Her well-known love life, though tumultuous, was something on which she thrived, evidenced by this well-known quote of hers: “There is only one happiness in life, to love and be loved.”
Expressions of the masculine
One of the earliest and best-known cross-dressers, she wore men’s clothing both for comfort (for traveling, which she loved; trousers were more practical than crinolines) and to make a statement. Similarly, she was famed (and mocked) for her public cigar-smoking, and never went far without her hookah.
In Lélia: The Life of George Sand, André Maurois writes touchingly: “Those who came to see the notorious lady who wore trousers and smoked cigars found instead a passionate and dedicated mind that transcended any of her gaudy poses. For in revolting against the conventions of the world, George Sand felt and suffered very much as a woman.”
You might also like: The Mellowing of George Sand
Paving the way for women
George Sand was admired by many of the leading figures of her day, with whom she developed abiding friendships, with or without love affairs. Notable among them were Franz Liszt, Victor Hugo, and George Henry Lewes. Lewes, one of the leading literary critics of the time wrote of her that she was “the most remarkable writer of the present century.” She maintained an abiding friendship and correspondence with fellow author Gustave Flaubert.
Though her impressive biography and persona are perhaps better known in the English-speaking world, her work was much admired by many of her literary contemporaries. It was, however, considered unseemly and completely unfeminine by others. Not to diminish her work, but to some observers, her importance seemed to be more for the courage and originality of her life than her literary output.
A mellow old age
George Sand inherited an exquisite estate in Nohant, located in the Indre region of central France, which today is open to visitors. Before settling there permanently in her later years, she used it as a retreat from hectic city life in Paris There she hosted a legion of writers and artists with whom she was friendly, including Delacroix, Turgenev, Flaubert, Liszt, and Balzac.
Aimee MacKenzie wrote in her 1921 introduction to The Gustave Flaubert-George Sand Letters: “In her final retreat at Nohant, surrounded by her affectionate children and grandchildren, diligently writing, botanizing, bathing in her little river, visited by her friends and undistracted by the fiery lovers of the old time, she shows an unguessed wealth of maternal virtue, swift, comprehending sympathy, fortitude, sunny resignation, and a goodness of heart that has ripened into wisdom.”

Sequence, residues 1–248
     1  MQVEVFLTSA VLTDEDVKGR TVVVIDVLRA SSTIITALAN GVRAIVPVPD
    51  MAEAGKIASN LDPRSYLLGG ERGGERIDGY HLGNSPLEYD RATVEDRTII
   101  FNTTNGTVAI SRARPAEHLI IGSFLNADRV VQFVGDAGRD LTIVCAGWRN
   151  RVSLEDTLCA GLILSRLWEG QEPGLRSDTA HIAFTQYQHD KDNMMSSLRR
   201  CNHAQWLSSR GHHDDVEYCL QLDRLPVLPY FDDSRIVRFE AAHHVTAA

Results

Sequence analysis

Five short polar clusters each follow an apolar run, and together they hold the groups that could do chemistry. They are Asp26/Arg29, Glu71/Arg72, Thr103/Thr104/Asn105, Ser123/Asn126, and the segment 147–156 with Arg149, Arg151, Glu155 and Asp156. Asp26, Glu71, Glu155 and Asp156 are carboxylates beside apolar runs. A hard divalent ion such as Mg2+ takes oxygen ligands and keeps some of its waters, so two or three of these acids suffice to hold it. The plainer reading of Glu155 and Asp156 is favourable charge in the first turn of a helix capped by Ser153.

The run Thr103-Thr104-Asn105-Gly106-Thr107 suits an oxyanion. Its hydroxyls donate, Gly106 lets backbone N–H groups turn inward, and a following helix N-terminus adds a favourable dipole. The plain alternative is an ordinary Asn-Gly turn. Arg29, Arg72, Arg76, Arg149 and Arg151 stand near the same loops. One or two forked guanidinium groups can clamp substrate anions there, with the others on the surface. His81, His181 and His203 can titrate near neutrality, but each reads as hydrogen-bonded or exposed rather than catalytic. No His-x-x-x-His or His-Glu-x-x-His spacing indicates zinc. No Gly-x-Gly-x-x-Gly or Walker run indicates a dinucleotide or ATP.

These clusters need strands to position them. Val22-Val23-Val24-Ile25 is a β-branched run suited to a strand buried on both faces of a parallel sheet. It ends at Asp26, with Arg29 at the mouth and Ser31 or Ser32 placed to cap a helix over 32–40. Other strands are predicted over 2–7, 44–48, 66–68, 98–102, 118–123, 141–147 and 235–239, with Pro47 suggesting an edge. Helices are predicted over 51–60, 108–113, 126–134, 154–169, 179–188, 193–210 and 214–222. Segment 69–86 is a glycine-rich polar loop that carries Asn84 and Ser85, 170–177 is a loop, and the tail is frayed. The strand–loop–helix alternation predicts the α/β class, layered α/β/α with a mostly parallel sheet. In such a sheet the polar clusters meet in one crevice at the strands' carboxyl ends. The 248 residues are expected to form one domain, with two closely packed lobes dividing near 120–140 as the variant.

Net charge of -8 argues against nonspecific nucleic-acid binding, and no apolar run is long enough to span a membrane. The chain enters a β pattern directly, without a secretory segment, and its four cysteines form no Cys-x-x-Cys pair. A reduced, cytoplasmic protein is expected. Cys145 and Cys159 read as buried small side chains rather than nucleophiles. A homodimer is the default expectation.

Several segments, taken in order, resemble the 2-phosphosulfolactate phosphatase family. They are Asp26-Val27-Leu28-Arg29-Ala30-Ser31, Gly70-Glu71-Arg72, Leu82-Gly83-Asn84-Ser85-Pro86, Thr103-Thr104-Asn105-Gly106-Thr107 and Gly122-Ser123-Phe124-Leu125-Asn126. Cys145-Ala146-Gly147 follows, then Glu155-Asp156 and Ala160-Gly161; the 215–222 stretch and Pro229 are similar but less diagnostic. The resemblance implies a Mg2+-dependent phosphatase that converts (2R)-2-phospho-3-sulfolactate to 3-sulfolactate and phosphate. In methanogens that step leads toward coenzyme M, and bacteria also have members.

She located to this idyllic locale permanently in her later years. She loved to work in the garden, and tended to her grandchildren. More about her later golden years can be found in The Mellowing of George Sand: Mother, Grandmother, Gardener.
To her critics, Sand wrote, “The world will know and understand me someday. But if that day does not arrive, it does not greatly matter. I shall have opened the way for other women.” Those who knew her well and admired her acknowledged her dual nature, as Elizabeth Barrett Browning famously wrote, “Thou large-brained woman and large hearted man,” in her poem, George Sand: A Desire.
George Sand died at Nohant on June 8, 1876, not quite 72 years of age.
More about George Sand on this site
- George Sand on the Agony and the Ecstasy of the Writing Life
- The Mellowing of George Sand
- “To George Sand: A Desire” by Elizabeth Barrett Browning
- Indiana by George Sand: The Author Answers Her Critics
- Quotes by George Sand on Life, Love, and Work
Major Works (Novels)
This is but a tiny fraction of George Sand’s prodigious, almost ridiculously prolific output. She wrote and published many novels, as well as some one dozen plays and countless essays and other works of nonfiction.
- Indiana (1832)
- Valentine (1832)
- Lélia (1833)
- Jacques (1833)
- Mauprat (1837)
- Consuelo (1842)
- La Mare au Diable (1846)
- Le Petite Fadette (1849)
Biographies and Autobiographies
- Story of My Life: The Autobiography of George Sand
- George Sand by Elizabeth Harlan
- George Sand: A Biography by Curtis Cate
- Lélia: The Life of George Sand by André Maurois
Listen and read online
Visit George Sand’s home
- Nohant – The George Sand estate in Nohant, France